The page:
Essentially, it just felt like the plot was third fiddle in this instalment, behind world building and character development. In all fairness this is what made a lot of people love Oathbringer. Unfortunately I’m a plot first kind of a guy.

All this is not to say that it was a bad novel, because it wasn’t. Just in comparison to the first two I felt like it suffered. Which considering how good they are, is not too surprising. I’m still excited for the fourth entry, I just hope that it does a better job of continuing the momentum of the overall story.

I won’t say too much more about it, because I don’t want to get into spoiler territory. If you’re a fan of fantasy and you haven’t read any of the Stormlight Archive, I would recommend picking up The Way of Kings and giving it a go. This really is one of the most ambitious and interesting fantasy series of all time in my opinion.

You can follow me on twitter a t@jameslikesbooks

You can pick up my novels on Amazon HERE 

 

James Reads Pawn of Prophecy By David Eddings (Spoiler Free)

Photo on 2018-03-28 at 12.25 PM.jpg

Pawn of Prophecy By David Eddings is this week’s book. This novel is the first one in the Belgariad. At the time of writing, this books is coming up on forty years old. And it shows. It’s hard to judge this book taken out of it’s time and thrust into modern times. It feels dated in some parts, especially in regards to it’s female characters, something that I’ve notice in other Eddings books.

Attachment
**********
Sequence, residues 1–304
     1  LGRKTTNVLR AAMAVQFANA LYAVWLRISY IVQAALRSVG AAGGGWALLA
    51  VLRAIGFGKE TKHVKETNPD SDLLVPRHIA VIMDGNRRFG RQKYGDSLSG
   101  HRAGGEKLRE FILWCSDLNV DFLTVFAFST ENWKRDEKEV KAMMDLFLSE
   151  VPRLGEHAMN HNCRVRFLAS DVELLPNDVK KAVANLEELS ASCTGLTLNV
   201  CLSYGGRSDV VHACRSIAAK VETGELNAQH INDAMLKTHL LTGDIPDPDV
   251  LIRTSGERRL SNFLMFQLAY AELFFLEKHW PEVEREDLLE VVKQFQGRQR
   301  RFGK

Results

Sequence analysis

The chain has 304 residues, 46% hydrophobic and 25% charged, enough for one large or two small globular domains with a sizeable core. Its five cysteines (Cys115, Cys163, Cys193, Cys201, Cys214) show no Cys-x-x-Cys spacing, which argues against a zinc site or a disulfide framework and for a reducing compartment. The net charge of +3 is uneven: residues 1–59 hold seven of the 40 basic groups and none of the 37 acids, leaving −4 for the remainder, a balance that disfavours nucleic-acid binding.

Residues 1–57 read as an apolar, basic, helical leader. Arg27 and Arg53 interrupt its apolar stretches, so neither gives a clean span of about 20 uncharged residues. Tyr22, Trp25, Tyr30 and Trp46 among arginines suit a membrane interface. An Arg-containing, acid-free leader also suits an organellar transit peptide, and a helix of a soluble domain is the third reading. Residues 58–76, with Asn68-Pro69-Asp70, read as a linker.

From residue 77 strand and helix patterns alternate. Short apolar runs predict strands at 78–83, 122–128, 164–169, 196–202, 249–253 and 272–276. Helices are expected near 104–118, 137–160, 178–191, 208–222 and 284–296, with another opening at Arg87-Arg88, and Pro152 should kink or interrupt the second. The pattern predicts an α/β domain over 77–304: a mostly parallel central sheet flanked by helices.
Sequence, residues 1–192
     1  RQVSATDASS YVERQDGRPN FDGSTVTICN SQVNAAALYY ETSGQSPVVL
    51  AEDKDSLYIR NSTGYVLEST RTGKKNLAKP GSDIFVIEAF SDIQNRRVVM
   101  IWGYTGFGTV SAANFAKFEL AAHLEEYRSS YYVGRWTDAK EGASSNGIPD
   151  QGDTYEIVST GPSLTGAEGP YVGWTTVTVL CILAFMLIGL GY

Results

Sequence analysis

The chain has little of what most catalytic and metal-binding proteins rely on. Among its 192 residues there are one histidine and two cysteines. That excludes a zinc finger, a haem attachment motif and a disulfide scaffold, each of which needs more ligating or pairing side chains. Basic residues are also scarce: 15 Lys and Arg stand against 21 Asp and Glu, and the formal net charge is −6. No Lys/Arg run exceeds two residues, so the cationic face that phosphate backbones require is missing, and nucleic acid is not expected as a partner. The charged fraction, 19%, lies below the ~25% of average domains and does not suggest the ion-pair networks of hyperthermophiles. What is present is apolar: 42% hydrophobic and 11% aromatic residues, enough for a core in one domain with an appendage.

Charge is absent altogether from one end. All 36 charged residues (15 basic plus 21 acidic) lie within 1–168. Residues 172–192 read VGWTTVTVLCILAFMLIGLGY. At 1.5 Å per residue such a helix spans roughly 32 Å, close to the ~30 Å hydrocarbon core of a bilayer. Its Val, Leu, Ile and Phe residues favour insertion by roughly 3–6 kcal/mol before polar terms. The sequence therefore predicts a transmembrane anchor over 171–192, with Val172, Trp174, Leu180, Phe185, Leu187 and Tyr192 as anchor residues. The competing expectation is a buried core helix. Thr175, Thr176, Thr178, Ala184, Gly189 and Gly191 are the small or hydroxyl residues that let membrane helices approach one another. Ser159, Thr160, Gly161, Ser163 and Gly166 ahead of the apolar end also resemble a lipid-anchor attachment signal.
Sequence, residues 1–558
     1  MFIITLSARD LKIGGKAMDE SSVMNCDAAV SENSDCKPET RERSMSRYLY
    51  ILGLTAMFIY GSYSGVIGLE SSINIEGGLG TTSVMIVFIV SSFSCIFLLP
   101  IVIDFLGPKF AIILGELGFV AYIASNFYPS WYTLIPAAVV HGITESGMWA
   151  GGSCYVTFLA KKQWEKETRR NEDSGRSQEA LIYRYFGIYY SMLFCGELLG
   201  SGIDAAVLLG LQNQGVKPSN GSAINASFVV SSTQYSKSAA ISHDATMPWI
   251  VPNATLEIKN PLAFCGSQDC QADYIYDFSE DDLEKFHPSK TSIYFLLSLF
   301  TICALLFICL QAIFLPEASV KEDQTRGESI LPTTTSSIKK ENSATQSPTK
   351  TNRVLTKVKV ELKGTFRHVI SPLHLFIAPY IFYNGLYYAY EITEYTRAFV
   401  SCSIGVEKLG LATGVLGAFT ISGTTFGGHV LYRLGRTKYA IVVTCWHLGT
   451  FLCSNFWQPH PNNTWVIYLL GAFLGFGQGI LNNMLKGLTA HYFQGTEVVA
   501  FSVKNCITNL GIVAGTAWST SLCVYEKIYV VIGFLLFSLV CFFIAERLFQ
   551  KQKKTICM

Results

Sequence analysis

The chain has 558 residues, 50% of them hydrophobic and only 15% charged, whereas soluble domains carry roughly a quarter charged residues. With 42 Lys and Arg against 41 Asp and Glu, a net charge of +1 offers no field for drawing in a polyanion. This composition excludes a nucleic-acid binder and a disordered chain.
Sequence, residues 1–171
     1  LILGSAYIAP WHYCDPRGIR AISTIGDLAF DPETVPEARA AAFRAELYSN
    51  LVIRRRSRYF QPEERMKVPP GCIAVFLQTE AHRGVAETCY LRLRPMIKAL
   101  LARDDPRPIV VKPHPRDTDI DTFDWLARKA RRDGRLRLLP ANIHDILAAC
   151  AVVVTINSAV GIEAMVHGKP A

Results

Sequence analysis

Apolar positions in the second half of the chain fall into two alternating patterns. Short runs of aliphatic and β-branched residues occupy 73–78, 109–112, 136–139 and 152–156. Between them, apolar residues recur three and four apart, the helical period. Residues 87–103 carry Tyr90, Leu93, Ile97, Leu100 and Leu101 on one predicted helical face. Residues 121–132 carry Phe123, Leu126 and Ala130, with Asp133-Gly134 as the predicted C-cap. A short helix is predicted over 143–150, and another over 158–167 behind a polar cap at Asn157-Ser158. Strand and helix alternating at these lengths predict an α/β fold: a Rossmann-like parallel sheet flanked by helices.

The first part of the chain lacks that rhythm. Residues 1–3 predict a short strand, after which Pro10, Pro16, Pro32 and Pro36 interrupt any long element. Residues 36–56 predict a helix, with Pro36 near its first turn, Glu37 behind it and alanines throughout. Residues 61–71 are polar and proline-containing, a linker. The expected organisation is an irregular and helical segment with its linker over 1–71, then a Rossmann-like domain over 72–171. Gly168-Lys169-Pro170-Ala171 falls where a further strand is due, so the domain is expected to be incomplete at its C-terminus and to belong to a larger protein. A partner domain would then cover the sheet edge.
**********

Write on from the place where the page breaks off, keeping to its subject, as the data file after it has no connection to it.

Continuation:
However the novel is still enjoyable and entertaining. The characters are likeable enough and the plot is engaging if super predictable. The real strength is the world building with is robust and very deep. Gods and magic and prophecy, are all woven pretty deftly.

Honestly there just isn’t much I can say about the novel. If i’d read it as a younger man I would have liked it a lot better. I don’t want to write a criticism because it wouldn’t be fair to compare it against modern works. Books that built upon the legacy that Eddings created. Things fine are tropes now probably weren’t back then.

To sum up, this book just felt kind of left me feeling empty. It almost felt like a two hundred page prologue. It sets the stage for the next book but didn’t really leave me with a burning desire to pick them up.

But that’s okay, not all art ages well. Clearly this novel was very popular when it came out and people loved it. I just wasn’t around then and I probably lost out on the magic. Due to this I can’t really recommend this book like I can others of his. (The Elenium for instance I love.)

You can follow me on Twitter at@ James Bee

You can pick up my novels on Amazon here

 

James Reads Jingo By Terry Pratchett (No Spoilers)

Photo on 2018-03-21 at 12.39 PM.jpg

The Pratchett’ing continues this week with Jingo. Jingo is the 21st Discworld novel and the 4th in the City Watch series. Personally, I love the City Watch books. The characters feel like old friends, and the City of Ankh-Morpork is one of my favourite locations in all of fiction, right up there with Hogwarts and the Shire.